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OAS General Secretariat Presents Report “Climate Change: Life, Democracy, Freedom, Justice, Equality”

  October 20, 2022

The General Secretariat of the Organization of American States (OAS) today presented the
“Climate Change: Life, Democracy, Freedom, Justice, Equality,” which analyzes the general threat that climate change and its consequences represent for the global community.

The report starts from the premise that the survival of the planet as we know it and the rights of people, in particular the most vulnerable people, force humanity to face a challenge of a unique nature, and to do so urgently. “We are facing an ethical obligation that leaves us no option,” affirms the report.

To address climate change, continues the report, humanity must “grow from an ethical principle to moral force, and from there to inexorable moral force, so that this ethical principle is incorporated in custom, practice, and national and international law and becomes absolutely and irreversibly mainstream.”

“Countering climate change is of that level of urgency and moral imperative. Ethically and practically, we must counter it with the same urgency as that with which humanity abandoned now unacceptable practices that, moreover, are now punishable
offenses. Because failure to do so, and to do so now, is to condemn millions to poverty, forced exile, and the loss of their homes, workplace conditions, and most cherished rights,” adds the document.

“Humanity was able to overcome other existential dilemmas before, and it did so by gathering the necessary moral force for the triumph of ethics and good, and later converting them into national norms, then into international law and even into jus cogens. That is the dimension of the challenge that climate change presents us, and it is imperative that we counteract it. And that moral obligation is redoubled especially because the populations most affected by its effects are the most vulnerable, the most disadvantaged, those with the least capacity to protect themselves,” said OAS Secretary General Luis Almagro.

Starting with the initial approach, the study analyzes this challenge, with particular attention paid specifically to the OAS member states and proposes concrete actions to effectively contribute to counteracting climate change.

In its first section, the report examines the effects of climate change on the member states of the OAS and highlights the damage and the high costs that it has had, in human lives, human dislocation, and economic destruction. Based on empirical evidence, the report presents the challenges that already confront OAS member states and how they can be aggravated -if the factors that cause climate change are not curbed.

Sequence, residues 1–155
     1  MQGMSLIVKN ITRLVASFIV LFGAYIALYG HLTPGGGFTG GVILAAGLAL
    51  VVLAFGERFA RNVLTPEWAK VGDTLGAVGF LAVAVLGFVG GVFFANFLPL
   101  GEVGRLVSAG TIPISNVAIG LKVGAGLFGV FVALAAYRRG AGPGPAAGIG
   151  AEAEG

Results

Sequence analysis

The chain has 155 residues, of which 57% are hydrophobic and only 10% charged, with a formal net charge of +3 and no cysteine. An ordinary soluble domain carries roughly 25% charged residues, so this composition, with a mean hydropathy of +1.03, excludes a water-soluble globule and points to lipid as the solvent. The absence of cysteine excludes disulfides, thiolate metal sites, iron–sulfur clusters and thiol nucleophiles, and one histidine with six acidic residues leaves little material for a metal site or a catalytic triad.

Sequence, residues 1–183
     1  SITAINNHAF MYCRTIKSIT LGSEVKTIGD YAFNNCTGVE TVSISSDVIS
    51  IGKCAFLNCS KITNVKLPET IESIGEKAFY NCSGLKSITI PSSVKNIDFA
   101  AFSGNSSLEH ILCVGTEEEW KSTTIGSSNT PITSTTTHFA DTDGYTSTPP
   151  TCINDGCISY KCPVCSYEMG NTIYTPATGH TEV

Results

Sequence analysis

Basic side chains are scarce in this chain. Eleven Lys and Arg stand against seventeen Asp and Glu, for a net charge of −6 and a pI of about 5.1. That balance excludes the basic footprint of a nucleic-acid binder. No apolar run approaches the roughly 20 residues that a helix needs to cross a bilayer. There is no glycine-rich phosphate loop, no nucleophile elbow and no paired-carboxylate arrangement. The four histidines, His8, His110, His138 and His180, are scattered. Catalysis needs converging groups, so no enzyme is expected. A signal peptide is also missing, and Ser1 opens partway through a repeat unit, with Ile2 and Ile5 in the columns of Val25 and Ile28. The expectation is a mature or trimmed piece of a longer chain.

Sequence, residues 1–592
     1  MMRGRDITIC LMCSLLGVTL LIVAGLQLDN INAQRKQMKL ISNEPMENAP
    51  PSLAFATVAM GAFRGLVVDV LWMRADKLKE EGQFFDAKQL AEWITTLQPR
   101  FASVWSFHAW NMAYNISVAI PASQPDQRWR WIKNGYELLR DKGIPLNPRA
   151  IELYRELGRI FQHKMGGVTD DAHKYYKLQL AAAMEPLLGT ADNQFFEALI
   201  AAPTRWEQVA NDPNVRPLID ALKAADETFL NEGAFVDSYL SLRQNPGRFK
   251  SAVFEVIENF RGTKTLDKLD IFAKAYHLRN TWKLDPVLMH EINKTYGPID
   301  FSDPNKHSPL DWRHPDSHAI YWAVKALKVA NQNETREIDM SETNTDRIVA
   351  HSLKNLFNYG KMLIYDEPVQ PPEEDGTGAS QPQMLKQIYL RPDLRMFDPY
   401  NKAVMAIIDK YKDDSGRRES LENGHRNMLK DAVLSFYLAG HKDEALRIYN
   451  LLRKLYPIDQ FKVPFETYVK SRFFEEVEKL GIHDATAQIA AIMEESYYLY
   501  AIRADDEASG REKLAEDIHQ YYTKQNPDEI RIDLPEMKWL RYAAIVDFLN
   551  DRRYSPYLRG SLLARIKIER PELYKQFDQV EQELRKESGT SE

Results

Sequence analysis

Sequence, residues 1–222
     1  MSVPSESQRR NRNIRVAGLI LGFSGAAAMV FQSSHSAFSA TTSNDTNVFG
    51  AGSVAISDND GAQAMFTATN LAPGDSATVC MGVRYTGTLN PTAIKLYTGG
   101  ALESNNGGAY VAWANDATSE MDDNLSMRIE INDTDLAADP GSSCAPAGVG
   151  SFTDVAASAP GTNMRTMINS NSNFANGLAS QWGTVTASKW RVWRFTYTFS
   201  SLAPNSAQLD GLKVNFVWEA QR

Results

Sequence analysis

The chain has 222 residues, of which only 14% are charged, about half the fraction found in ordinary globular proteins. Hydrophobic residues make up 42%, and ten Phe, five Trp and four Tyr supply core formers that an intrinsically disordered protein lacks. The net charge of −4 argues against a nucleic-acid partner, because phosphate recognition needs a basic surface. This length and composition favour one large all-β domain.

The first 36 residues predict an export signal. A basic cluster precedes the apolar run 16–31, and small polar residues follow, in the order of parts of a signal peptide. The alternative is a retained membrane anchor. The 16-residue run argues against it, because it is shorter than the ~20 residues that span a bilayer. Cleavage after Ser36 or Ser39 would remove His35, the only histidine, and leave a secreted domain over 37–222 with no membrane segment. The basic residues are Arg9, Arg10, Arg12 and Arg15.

In its last section, the report proposes actions that the Secretary General, and the General
Secretariat of the OAS propose to encourage political consensus and political will by member states of the Organization to confront the common and growing threat of climate change, among them:

• The countries most vulnerable to climate change should have preferential conditions for access to financing, access to non-reimbursable funds and access to trade
• The creation of a global system of subsidies through preferential rates and/or non-reimbursable funds destined for:

o Small island states

o Developing countries with institutional weaknesses that do not have the capacity to bring public services to vulnerable populations

o Countries highly dependent on the exterior (due to the concentration of exports, due to dependence on remittances, due to dependence on foreign investment)

o Countries affected in their infrastructure and housing by natural disasters related to climate change

o Small family farmers or peasants who have seen their last harvests affected in a percentage to be determined in each shock, in each country

o Victims of natural disasters related to climate change

• Encourage the creation of a special fund to finance an expert study that focuses on the critical challenges of climate change for the countries of Central America and the Caribbean in particular.
• Relief from the debt that restricts the ability of thirteen OAS member states to finance resilience to the effects of climate change and rebuild after destruction.
• Urge the member states of the Group of the Caribbean Community (CARICOM) to take advantage of the scientific and socioeconomic research opportunities related to climate established by the Inter-American Institute for Global Change Research.
• Start a campaign to raise awareness among international institutions about the serious situation in Central America, especially in the countries of the Northern Triangle, which is producing refugees as a result of the harmful effects of climate change.
• Obtain funds to finance a study and a report by a Group of Experts with recommendations for action that can act as a catalyst for actions to address irregular migration and refugees caused by the effects of climate change.
• Convene a meeting of the OAS member states that are members of the Association of Small Island States (AOSIS) at the United Nations (UN), to consult with them on how the OAS Secretary General could help promote the recommendations of the UN High-Level Group of Experts on the creation of a multidimensional vulnerability index (MVI) as a qualifying measure for concessional and development financing from International Financial Institutions (IFIs).

Reference: E-061/22